"Each State shall appoint, in such Manner as the Legislature thereof may direct, a Number of Electors ..." -- U.S. Constitution
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In addition to 1,129 state legislative sponsors (shown above), 981 other legislators have cast recorded votes in favor of the National Popular Vote bill.
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Tom Golisano

Entrepreneur Tom Golisano Endorses National Popular Vote

Short Explanation
The National Popular Vote bill would guarantee a majority of the Electoral College to the presidential candidate who receives the most popular votes in all 50 states and the District of Columbia. The bill would reform the Electoral College so that the electoral vote in the Electoral College reflects the choice of the nation's voters for President of the United States.   more
11 Enactments
The National Popular Vote bill has been enacted into law in states possessing 165 electoral votes — 61% of the 270 electoral votes needed to activate the legislation.

  • Maryland - 10 votes
  • Massachusetts - 11
  • Washington - 12 votes
  • Vermont - 3 votes
  • Rhode Island - 4 votes
  • DC - 3 votes
  • Hawaii - 4 votes
  • New Jersey - 14 votes
  • Illinois - 20 votes
  • New York - 29 votes
  • California - 55 votes

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    What Do You Think
    How should we elect the President?
    The candidate who gets the most votes in all 50 states.
    The current Electoral College system.

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    Denver Post
    Time to rethink presidential elections
    Legislators are weighing changes to a system that gives too much influence to voters in battleground states at the expense of voters elsewhere.
    Denver Post Editorial
    April 19, 2006

    We hope never to live through another election like 2000, when it took 35 days and a U.S. Supreme Court decision to settle the presidency. The ordeal shined a spotlight on the Electoral College system and its most prominent quirk - that a candidate who wins the popular vote can be forced to stand by while a rival takes the oath of office.

    The system also gives a modest number of battleground states too much voting power. States that are dependably Republican or Democratic are all but ignored during campaigns in favor of swing states. The Electoral College discourages voter participation because people in the majority of states know before the election who will win their votes. Minority-party voters in Democratic Massachusetts and Republican Wyoming know their votes won't count, because their Electoral College votes are never in doubt.

    For years, political science wonks have studied the unique Electoral College system with an eye toward updating the process to suit this day and age.

    State Senate Bill 223 proposes a clever way for candidates to reach an Electoral College victory that reflects the will of a majority of voters. While we're not convinced it's the best approach, we're glad to see it tested in state legislatures.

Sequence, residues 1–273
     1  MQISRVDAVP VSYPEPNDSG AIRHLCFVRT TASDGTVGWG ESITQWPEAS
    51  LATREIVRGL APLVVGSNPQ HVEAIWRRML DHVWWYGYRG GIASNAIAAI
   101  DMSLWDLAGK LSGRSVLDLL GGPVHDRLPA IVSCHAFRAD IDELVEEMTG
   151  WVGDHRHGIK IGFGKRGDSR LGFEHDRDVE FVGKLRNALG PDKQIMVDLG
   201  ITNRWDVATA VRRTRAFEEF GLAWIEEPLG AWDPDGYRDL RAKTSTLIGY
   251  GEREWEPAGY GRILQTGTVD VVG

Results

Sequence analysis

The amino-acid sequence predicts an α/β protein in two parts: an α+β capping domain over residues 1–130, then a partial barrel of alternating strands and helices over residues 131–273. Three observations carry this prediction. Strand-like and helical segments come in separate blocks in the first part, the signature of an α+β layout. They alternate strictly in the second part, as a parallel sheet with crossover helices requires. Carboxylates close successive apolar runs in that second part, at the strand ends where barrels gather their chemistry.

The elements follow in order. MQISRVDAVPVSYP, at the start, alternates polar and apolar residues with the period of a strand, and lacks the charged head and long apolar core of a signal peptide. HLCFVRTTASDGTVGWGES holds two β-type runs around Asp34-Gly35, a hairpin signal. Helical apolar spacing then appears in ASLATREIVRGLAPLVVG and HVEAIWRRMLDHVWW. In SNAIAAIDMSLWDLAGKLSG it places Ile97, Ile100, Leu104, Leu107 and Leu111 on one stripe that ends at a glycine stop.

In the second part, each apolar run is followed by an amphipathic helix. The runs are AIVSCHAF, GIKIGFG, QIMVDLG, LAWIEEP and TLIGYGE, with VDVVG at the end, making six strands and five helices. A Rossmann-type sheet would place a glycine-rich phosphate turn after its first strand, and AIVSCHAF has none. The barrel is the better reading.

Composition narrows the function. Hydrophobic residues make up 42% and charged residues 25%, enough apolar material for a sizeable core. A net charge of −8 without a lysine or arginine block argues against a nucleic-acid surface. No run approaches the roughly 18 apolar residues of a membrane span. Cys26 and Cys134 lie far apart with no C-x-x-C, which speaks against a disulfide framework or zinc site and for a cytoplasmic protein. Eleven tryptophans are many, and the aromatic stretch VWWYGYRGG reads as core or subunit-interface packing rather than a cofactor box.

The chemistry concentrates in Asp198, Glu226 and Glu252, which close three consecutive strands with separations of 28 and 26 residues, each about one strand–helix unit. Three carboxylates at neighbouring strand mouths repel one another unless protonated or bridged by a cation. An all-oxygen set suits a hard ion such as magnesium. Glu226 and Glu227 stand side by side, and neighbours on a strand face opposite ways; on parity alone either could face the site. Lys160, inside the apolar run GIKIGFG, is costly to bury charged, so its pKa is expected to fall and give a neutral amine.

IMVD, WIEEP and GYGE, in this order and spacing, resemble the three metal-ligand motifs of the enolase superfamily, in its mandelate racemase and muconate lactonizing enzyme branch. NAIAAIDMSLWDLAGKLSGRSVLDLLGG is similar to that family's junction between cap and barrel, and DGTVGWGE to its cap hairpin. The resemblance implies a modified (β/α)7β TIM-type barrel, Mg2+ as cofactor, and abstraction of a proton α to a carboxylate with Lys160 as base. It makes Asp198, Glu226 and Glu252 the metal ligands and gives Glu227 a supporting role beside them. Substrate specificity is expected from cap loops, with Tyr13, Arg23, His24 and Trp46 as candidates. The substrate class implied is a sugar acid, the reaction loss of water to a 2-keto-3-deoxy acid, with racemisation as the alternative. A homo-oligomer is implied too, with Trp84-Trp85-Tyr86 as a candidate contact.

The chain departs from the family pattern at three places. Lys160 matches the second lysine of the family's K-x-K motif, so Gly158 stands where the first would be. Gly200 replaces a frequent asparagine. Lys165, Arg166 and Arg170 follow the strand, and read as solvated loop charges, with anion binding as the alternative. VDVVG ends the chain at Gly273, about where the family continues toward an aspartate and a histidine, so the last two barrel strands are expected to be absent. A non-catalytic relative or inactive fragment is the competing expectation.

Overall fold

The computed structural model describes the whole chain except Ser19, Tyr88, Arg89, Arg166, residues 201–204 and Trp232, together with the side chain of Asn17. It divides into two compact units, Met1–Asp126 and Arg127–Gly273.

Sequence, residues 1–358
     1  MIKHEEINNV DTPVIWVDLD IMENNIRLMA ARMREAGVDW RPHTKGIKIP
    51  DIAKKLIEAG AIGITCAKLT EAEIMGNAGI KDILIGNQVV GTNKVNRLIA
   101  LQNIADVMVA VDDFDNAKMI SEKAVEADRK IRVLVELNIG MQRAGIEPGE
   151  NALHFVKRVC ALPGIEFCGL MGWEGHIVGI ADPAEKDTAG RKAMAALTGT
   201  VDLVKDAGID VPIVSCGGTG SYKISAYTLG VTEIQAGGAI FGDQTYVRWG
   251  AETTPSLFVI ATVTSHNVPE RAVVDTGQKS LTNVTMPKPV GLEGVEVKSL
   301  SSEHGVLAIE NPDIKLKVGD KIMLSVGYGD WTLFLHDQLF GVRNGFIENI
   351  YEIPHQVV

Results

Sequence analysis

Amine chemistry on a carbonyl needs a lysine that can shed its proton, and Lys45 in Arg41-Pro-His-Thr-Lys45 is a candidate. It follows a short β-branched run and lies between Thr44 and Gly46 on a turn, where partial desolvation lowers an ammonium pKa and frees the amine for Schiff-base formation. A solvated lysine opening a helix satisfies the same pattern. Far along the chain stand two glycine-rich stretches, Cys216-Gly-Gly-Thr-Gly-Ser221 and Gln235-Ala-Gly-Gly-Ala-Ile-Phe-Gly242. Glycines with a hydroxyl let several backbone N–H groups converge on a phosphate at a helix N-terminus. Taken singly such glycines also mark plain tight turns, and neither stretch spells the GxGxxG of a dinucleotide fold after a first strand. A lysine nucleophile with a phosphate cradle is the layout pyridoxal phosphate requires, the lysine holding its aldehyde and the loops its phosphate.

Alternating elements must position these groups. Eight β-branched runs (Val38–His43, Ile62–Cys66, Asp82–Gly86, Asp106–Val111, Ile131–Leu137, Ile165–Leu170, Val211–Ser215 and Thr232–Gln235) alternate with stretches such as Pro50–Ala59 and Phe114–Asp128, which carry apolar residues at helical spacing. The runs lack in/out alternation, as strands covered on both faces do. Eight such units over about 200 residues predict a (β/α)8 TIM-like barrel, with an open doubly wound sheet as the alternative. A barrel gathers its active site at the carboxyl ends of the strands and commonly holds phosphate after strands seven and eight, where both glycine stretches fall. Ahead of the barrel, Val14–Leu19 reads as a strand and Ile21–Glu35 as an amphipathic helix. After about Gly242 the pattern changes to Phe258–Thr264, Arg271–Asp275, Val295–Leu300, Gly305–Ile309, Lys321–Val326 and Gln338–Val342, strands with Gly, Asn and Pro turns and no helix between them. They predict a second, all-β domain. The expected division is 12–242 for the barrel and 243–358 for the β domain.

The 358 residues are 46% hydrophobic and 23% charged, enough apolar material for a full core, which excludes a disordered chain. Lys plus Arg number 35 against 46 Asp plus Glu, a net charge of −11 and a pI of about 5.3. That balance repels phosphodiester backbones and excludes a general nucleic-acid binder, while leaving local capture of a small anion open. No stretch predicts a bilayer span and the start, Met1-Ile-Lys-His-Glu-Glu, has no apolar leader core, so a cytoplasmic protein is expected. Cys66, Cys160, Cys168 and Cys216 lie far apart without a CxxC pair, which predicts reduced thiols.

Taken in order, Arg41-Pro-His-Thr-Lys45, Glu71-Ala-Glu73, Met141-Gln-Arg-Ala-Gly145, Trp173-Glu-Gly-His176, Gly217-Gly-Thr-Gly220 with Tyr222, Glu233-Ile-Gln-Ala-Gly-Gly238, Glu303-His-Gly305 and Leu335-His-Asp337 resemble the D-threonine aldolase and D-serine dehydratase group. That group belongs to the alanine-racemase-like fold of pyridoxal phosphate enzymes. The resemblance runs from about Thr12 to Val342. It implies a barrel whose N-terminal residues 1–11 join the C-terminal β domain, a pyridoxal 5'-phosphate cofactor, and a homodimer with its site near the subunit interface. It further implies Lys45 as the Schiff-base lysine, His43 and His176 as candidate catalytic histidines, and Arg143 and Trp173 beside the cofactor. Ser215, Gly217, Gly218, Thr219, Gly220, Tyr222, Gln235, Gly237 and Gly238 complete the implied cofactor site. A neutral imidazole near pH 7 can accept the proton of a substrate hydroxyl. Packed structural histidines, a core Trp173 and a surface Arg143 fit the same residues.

The proposal comes closer to direct election of the president while channeling the results through the Electoral College and so avoiding (perhaps) the need for a constitutional amendment.

    The proposal was developed by a multipartisan national group and is circulating across the country in book form - 620 pages, to be exact. The Colorado bill is sponsored by Democratic Sen. Ken Gordon and Rep. Tom Plant. The plan calls for states to form a compact and pledge their electoral votes not to the majority candidate in their own state, but to the winner of the national popular vote. The constitution allows states to allocate their electoral votes any way they wish, and so if enough states joined the compact, the popular vote winner would earn the 270-vote electoral majority.

    In 2004, we opposed Amendment 36 on the Colorado ballot because its single-state approach unilaterally diluted the impact of Colorado's electoral votes. True reform should be broader.

    The Founding Fathers' rationale for creating the Electoral College is debatable even today. Some believe it was meant to balance the power of small and large states. Others thought it was to create a system of indirect election of good candidates from which the House of Representatives could make the final selection. Whatever the reason, the system creates strange anomalies in both campaigning and in settling the result.

    Congress has considered amendments to eliminate the winner-take-all allocation of electoral votes. In 1969, a constitutional amendment endorsed by President Nixon called for direct popular election of the president. It passed the U.S. House by two-thirds but failed in the Senate a year later. It was rejected not by small states but by lawmakers from Southern states fearful of the changing dynamics of racial politics.

    Changing the Constitution is tough going, requiring approval of two-thirds of Congress and ratification by three-fourths of the states. The compact proposal is being advanced because its authors cannot hope to muster the support for the direct election that Nixon supported.

    Colorado has often been ignored in presidential contests, having been reliably Republican and casting only nine electoral votes. The state became a battleground in 2004 largely because Democratic candidate Sen. John Kerry was born here and because of the state's growing number of independent voters.

    We favor attempts to change the current system not only because it will boost the value of a Colorado voter to the same level as a voter from, say, Ohio or Florida, but because a system that produces a majority winner will boost political engagement across all 50 states.

    Reform the Electoral College so that the electoral vote reflects the nationwide popular vote for President